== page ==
FINRA is also proposing to amend Rule 6730 (Transaction Reporting) to require transactions in U.S. dollar-denominated foreign sovereign debt securities to be reported on a same-day or next-day basis, depending on the time of execution. FINRA states that this reporting timeframe is appropriate because trades in U.S. dollar-denominated foreign sovereign debt securities would be reported for regulatory purposes only.
Among other things, trade reports would be required to include:
- the CUSIP or CINS number, or FINRA-assigned TRACE symbol;
- an identifier for the contra-party (either MPID, “A” for non-member affiliate, or “C” for customer);
- the side of the reporting party (buy or sell);
- the quantity of the transaction (i.e., face value amount of the transaction); the price of the transaction expressed as a percentage of face/par value;
- the time of execution; the date of execution (for “as/of” trades);
- the settlement date;
- any commission charged if the member is acting as agent; and any applicable trade modifiers.
FINRA states that some foreign sovereign debt securities may not have a CUSIP or CINS number but may have been assigned another type of identifier (e.g., an ISIN). To facilitate trade reporting of U.S. dollar-denominated foreign sovereign debt, where a CUSIP or CINS is not available, FINRA states that it intends to permit members to report using a FINRA-assigned symbol that corresponds to the security’s other identifier(s) (e.g., the FINRA-assigned symbol would be associated with the ISIN on the Security Master List).
FINRA further states that, if U.S. dollar-denominated foreign sovereign debt securities become subject to TRACE reporting requirements, as proposed, they would become subject to applicable transaction reporting fees.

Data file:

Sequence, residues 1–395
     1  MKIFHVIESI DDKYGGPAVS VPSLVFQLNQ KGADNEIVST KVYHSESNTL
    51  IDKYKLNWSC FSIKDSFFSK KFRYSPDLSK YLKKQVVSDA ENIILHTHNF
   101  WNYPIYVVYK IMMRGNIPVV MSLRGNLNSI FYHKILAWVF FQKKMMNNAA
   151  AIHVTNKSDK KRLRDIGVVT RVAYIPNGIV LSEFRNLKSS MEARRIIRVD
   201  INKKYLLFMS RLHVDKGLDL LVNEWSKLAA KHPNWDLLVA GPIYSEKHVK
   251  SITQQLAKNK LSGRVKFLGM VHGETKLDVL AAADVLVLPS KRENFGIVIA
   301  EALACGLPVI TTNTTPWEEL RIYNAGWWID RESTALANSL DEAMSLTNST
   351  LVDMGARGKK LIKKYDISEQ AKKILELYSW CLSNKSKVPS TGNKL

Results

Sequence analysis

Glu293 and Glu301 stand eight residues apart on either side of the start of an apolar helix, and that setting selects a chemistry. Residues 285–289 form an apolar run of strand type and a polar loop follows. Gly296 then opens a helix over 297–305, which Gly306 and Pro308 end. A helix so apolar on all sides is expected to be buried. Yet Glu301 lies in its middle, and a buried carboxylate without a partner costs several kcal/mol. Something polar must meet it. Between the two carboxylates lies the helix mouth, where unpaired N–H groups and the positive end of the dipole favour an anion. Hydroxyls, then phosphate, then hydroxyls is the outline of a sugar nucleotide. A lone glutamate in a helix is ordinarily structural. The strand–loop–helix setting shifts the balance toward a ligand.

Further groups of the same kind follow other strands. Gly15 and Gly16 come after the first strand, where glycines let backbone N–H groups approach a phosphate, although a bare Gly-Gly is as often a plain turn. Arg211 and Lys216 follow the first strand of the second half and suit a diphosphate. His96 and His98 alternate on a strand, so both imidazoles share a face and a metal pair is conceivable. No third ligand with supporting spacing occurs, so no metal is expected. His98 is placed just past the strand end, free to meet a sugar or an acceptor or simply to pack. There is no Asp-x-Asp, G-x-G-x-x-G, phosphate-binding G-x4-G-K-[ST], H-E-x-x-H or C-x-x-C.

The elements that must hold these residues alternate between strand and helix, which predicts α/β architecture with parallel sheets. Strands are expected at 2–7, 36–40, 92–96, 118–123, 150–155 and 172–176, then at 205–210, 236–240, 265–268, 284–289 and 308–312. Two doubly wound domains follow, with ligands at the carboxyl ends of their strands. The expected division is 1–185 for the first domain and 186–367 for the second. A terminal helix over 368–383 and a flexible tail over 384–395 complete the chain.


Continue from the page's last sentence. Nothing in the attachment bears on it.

Summary of comments
They received four comment letters regarding the proposed rule change. The commenters generally support the proposed rule change (nobody explicitly opposing) but this comment is interesting:
- Prior to TRACE’s implementation, the National Association of Securities Dealers (“NASD”) (FINRA’s predecessor) did not have routine access to comprehensive transaction information for the over-the-counter corporate bond market, even though the NASD bore responsibility for surveilling and regulating that market.
- In originally approving TRACE, the Commission stated that obtaining such information to better conduct market surveillance was a fundamental means of promoting fairness and confidence in U.S. capital markets.
- Similarly, with respect to the over-the-counter market for U.S. dollar-denominated foreign sovereign debt securities, FINRA currently does not possess the comprehensive transaction information that would help it carry out its statutory duties to surveil and regulate this segment of the market.
- Expanding TRACE to include U.S. dollar-denominated foreign sovereign debt securities is reasonably designed to help FINRA fulfill its mandate to prevent fraudulent and manipulative acts and practices, to promote just and equitable principles of trade, and, in general, to protect investors and the public interest. In particular, the receipt of the transaction price, par value traded, and other transaction information in TRACE would create a better-informed surveillance program to help detect fraud, manipulation, unfair pricing, and other potential misconduct.
- FINRA states that it would provide members with an adequate implementation period.